To cover the eye openings, I knew I had to choose a type of cloth that was thin enough for me to see through but not allow my face to show on the outside. I enede up buying a bit of chintz. To attach the fabric, I sprayed some adhesive on the inside around the openings and laid a squareish piece of cloth onto the wetted area. I pressed down here and there with the butt end of a pen until everything adhered sufficiently. I didn't try to make the cloth taut or anything, just for it to stick in place. It worked out fine, and after the glue had set, I carefully drew the pupils of the eyes directly on the fabric with my trusty Sharpie.
Step 7: A Little Matter of Adjusting This Huge Mask for My Puny Earth Creature Head
I had to do something about where the helmet would set onto my head, so I ended up using a margarine tub as a spacer. I melted about eight glue sticks and poured it directly on the inside top of the helmet. I then quickly placed the tub bottom side up right into the poll of molten glue, holding it down with my hand so as much of the surface would bond with the glue as possible. I then tried on the helmet and looked into the mirror. It fit just fine! I then fitted a strip of sticky-back Velcro (the hook side) along the bottom front inside edge of the helmet so I could use some black suede as a neck piece to hide my puny Earth creature neck. It also completed the illusion of a round head. The suede stuck quite nicely to the Velcro, eliminating the need to sew the other side of the Velcro onto the inner edge of the suede.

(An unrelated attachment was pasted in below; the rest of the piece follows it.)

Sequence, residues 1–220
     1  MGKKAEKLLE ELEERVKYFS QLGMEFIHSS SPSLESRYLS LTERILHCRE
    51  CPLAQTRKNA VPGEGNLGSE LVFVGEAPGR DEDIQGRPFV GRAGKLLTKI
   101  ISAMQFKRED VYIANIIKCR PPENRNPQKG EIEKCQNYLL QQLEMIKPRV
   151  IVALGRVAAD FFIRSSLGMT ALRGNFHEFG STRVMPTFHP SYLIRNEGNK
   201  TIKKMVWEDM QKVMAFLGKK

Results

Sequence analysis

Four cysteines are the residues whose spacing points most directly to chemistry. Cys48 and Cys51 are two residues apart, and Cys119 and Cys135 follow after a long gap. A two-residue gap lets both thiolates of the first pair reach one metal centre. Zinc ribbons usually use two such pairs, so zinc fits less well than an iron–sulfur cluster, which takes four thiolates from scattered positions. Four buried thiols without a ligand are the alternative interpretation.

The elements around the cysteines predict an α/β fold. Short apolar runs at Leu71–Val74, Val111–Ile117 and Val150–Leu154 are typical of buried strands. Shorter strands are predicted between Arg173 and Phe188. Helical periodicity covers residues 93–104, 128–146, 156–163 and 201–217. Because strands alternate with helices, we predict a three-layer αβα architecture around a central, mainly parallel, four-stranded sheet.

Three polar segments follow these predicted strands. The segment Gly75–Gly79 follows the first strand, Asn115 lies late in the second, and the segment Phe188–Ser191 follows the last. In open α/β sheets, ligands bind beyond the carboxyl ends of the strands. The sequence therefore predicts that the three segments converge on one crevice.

Step 8: Final Touches for the Helmet
The crowning touch (as it were) of Marvin's helmet is that broom brush on top of the helmet. A real Roman helmet would have sported feathers, but this is a Warner Brothers cartoon character we're talking about, so how appropriate is it to use an actual broom brush head for the crown of the helmet? This one was a $2.98 job from Wally World minus the screw-on handle. I held it handle-end on top until I could eyeball the correct position. With trusty Sharpie in hand, I traced around the bottom of the handle-end, leaving a small circle on the helmet. I drilled a good sized hole, and finally used my jigsaw to cut the opening. I then trimmed away at the opening until I enlarged it enough to insert the handle end almost to the top. A good, snug fit was achieved. A final touch up of paint all over, and I attached the Velcro'ed visor back onto the helmet. It was now ready to wear.